This bubble of heat and light would wrap around the Earth, heating the air and land as it went. As the air heated up, the scattering and emission from the plasma would cause the effects to propogate farther and farther around the horizon. Furthermore, the atmosphere around the beam's contact point would be blasted into space, where it would reflect the light back down around the horizon.

Exactly how quickly the radiation makes it around the Earth depends on many details of atmospheric scattering, but if the Moon happened to be half-full at the time, it might not even matter.

When Max's device kicked in, the Moon would go out, since the sunlight illuminating it would be captured and funneled into a beam. Slightly after the beam made contact with the atmosphere, the quarter moon would blink out.

When the beam from Max's device hit the Earth's atmosphere, the light from the contact point would illuminate the Moon. Depending on the Moon's position and where you were on the Earth, this reflected moonlight alone could be enough to burn you to death ...

... just as the twilight wrapped around the planet, bringing on one final sunrise.[3]Here's an image which is great for annoying a few specific groups of people:

There's one thing that might prevent the Earth's total destruction. Can Max's mechanism actually track a target? If not, the Earth could be saved by its own orbital motion. If the beam was restricted to aiming at a fixed point in the sky, it would only take the Earth about three minutes to move out of the way. Everyone on the surface would still be cooked, and much of the atmosphere and surface would be lost, but the bulk of the Earth's mass would probably remain as a charred husk.

The Sun's death ray would continue out into space. Years later, if it reached another planetary system, it would be too spread out to vaporize anything outright, but it would likely be bright enough to heat up the surfaces of the planets.

Max's scenario may have doomed Earth, but if it's any consolation, we wouldn't necessarily die alone.

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2189 days ago
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6 public comments
2180 days ago
Randall, I salute you.

I have got to make this book a higher priority on my reading list...
Seymour, Indiana
2183 days ago
"You wouldn't really die of anything, in the traditional sense. You would just stop being biology and start being physics.".

I want to be physics when I grow up!
2187 days ago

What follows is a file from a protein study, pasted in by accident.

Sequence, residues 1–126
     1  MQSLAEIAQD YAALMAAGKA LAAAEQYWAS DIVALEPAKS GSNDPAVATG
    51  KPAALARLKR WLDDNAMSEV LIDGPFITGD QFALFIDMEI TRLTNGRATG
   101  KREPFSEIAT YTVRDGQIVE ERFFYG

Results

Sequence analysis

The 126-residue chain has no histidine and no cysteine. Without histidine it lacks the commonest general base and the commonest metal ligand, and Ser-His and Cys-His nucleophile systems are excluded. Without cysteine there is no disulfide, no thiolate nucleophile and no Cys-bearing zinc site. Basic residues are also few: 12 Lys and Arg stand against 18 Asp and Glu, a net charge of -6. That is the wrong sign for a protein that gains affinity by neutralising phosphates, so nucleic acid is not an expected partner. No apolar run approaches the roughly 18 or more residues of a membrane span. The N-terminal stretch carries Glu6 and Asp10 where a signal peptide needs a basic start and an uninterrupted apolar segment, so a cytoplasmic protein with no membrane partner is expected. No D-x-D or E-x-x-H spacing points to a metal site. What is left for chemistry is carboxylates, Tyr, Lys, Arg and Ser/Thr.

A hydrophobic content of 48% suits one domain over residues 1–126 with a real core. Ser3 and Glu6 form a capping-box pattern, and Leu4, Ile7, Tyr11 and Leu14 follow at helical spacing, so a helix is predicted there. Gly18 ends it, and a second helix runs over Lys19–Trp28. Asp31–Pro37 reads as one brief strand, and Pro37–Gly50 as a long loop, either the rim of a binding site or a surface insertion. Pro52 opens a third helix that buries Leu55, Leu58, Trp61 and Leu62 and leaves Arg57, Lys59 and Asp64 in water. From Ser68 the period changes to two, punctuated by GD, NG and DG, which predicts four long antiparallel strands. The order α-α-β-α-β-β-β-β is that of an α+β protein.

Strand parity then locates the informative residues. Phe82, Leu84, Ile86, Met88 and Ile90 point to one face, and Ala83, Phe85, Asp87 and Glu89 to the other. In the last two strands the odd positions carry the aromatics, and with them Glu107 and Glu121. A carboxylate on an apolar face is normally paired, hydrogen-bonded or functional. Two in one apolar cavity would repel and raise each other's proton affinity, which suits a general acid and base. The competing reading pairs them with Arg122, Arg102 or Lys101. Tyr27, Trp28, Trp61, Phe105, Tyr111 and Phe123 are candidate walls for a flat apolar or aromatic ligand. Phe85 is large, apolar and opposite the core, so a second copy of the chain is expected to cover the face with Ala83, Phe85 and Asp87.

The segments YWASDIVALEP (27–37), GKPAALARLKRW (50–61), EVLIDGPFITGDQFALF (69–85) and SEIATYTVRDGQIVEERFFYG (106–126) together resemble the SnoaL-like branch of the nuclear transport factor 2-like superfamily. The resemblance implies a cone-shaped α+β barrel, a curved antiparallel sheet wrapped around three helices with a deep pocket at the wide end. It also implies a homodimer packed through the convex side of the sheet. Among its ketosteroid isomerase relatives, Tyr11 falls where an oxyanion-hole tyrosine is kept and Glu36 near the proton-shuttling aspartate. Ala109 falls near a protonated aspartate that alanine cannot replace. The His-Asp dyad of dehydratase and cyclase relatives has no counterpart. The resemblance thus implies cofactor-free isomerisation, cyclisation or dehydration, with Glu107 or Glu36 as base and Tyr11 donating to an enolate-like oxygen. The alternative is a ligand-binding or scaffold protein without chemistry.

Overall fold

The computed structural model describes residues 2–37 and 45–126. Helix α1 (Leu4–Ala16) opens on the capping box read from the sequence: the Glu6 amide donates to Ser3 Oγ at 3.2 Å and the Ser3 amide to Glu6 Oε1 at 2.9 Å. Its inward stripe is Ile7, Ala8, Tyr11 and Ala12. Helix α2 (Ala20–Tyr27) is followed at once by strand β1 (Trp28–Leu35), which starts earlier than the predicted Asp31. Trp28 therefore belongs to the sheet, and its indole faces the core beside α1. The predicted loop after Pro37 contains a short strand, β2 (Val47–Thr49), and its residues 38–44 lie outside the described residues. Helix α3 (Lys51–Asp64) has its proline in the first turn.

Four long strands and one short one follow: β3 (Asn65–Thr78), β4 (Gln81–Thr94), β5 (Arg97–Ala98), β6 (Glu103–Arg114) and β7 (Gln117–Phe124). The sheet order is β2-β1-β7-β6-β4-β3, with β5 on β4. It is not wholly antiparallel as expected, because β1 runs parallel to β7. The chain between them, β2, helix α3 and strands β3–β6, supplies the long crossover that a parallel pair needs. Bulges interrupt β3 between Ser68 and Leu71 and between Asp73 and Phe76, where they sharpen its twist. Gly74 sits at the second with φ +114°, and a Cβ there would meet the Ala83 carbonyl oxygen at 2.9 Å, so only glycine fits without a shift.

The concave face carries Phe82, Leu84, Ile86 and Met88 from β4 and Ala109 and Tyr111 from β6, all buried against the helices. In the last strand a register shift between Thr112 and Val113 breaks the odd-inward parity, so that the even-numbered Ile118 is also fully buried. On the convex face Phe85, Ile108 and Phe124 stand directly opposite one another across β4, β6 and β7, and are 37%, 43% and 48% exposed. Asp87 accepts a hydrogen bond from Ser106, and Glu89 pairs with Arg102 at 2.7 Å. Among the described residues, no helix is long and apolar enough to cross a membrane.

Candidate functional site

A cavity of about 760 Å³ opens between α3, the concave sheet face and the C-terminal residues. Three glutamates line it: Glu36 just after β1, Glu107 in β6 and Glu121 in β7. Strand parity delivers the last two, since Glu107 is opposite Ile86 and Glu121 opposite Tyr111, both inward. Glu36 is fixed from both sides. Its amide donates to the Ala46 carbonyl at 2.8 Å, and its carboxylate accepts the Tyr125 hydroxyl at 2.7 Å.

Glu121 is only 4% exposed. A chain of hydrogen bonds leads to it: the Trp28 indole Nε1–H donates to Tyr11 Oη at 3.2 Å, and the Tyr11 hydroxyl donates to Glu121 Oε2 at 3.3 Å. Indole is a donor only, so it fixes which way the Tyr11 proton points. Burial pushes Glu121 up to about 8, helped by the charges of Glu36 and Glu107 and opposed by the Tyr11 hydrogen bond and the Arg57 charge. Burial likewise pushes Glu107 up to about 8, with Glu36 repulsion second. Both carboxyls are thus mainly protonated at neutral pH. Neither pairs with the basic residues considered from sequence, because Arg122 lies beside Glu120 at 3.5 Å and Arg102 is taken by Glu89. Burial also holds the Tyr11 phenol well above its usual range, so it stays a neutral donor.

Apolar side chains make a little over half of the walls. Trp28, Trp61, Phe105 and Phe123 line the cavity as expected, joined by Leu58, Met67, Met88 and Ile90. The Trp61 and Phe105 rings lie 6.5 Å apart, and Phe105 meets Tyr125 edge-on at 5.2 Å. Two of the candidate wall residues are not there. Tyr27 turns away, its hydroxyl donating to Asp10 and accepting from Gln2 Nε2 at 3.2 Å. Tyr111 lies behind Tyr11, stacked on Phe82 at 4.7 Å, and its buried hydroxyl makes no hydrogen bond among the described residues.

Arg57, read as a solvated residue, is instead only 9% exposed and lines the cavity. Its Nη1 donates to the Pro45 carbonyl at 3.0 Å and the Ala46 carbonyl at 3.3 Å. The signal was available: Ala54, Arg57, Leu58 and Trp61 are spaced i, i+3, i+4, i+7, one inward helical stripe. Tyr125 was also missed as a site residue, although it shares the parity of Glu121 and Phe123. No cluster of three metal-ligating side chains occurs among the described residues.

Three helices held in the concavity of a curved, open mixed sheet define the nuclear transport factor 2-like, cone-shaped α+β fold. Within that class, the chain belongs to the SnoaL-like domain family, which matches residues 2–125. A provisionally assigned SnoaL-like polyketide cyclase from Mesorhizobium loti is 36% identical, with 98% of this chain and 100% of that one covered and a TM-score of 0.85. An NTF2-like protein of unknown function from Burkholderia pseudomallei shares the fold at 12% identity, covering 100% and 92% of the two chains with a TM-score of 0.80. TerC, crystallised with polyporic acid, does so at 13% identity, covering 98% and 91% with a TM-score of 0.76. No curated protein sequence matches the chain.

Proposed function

"Fahrenheit, Celsius, Rankine, or Kelvin—it doesn't really matter."

That's one of the nicest ways to hint something utterly horrible is going to happen.
2190 days ago
You would just stop being biology and start being physics
New York City
2189 days ago
The mathematicians might argue that you'd actually start being math at that point.
2190 days ago
This one's really good (and funny):

"You wouldn't really die of anything, in the traditional sense. You would just stop being biology and start being physics."
2190 days ago
Clearly the papers I read need better openings...
New York, NY
2188 days ago
I love the What Ifs so much...

Announcing IdentityServer for ASP.NET 5 and .NET Core

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Over the last couple of years, we’ve been working with the ASP.NET team on the authentication and authorization story for Web API, Katana and ASP.NET 5. This included the design around claims-based identity, authorization and token-based authentication.

In the Katana timeframe we also reviewed the OAuth 2.0 authorization server middleware (and the templates around it) and weren’t very happy with it. But as usual, there were deadlines and Web API needed a token-based security story, so it shipped the way it was.

One year ago the ASP.NET team decided to discontinue that middleware and rather focus on consuming tokens instead. They also asked us if IdentityServer can be the replacement going forward.

By that time there were many unknowns – ASP.NET was still in early betas and literally changing every day. Important features like x-plat crypto (and thus support for JWT) weren’t even existing. Nevertheless, we agreed that we will port IdentityServer to ASP.NET 5 and .NET Core once the builds are more stabilized.

With RC1 (and soon RC2), we decided that now would the right moment in time to start porting IdentityServer – and here it is: IdentityServer4 (github / nuget / samples)

What’s new
When we designed IdentityServer3, one of our main goals was to be able to run self-hosted. At that time MVC was tied to IIS so using it for our default views was not an option. We weren’t particularly keen on creating our own view engine/abstraction, but that’s what needed to be done. This is not an issue anymore in ASP.NET 5, and as a result we removed the view service from IdentityServer4.

In IdentityServer4 you have full control over all UI aspects – login, consent, logoff and any additional UI you want to show to your user. You also have full control over the technology you want to use to implement that UI – it will be even possible to implement the UI in a completely different web application. This would allow adding OAuth 2.0 / OpenID Connect capabilities to an existing or legacy login “application”.

There will be also a standard UI that you can simply add as a package as well as templates to get you started.

Furthermore, IdentityServer4 is a “real” ASP.NET 5 application using all the standard platform facilities like DI, Logging, configuration, data protection etc, which means you have to learn less IdentityServer specifics.